Lender-paid mortgage insurance (LPMI) is a type of home loan where the lender pays the mortgage insurance premium in lieu of the borrower

With LPMI, the borrower doesn't have to pay the mortgage insurance separately, or as part of the monthly mortgage payment. Instead, the lender pays the mortgage insurance premiums from up-front funds, and then charges the borrower a slightly higher interest rate to cover the cost.

The main benefit of LPMI is that it can help reduce the cost of a mortgage for borrowers who don't have the extra money available to pay the mortgage insurance premium on their own. Additionally, it can also reduce the amount of paperwork required since the lender is responsible for making the payments.

However, there are a few drawbacks to consider when contemplating taking out an LPMI loan. For instance, these types of loans typically come with a higher interest rate than traditional mortgages, which can increase the overall cost of the loan. Furthermore, the lender will likely factor in the cost of the mortgage insurance when assessing a borrower's creditworthiness, so borrowers with less-than-perfect credit may find themselves paying higher interest rates.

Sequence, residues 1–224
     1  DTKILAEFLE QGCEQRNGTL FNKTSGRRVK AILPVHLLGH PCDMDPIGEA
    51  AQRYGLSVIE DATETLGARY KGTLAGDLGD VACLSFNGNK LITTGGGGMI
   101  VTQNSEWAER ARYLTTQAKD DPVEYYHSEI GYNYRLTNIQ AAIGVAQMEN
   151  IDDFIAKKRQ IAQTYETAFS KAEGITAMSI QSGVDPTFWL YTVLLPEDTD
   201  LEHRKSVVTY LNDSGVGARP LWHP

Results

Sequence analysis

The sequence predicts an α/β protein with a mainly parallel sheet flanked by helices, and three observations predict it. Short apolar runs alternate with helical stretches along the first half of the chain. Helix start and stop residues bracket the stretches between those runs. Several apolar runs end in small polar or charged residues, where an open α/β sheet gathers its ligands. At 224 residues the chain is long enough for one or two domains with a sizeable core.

In addition, LPMI loans usually require the borrower to maintain an escrow account to pay for property taxes and insurance. This means that the borrower has to pre-pay the escrow account each month, in addition to their regular mortgage payment. This can be difficult for some borrowers who are trying to manage their monthly budget.

When considering whether or not to take out an LPMI loan, borrowers should weigh the pros and cons. On one hand, the elimination of extra paperwork and the potential for lower up-front costs can be attractive. But on the other hand, the higher interest rates and additional costs of escrow accounts can make it a more expensive option in the long run.

In summary, Lender Paid Mortgage Insurance (LPMI) is an agreement between the lender and borrower where the lender pays the mortgage insurance in lieu of the borrower. It can offer some benefits by reducing the cost of the mortgage, eliminating extra paperwork and potentially increasing the chances of approval, but it can also come with higher interest rates and require the payment of an escrow account. Borrowers should therefore weigh the advantages and disadvantages when deciding whether or not this type of loan is right for them.

This article was contributed on Aug 04, 2023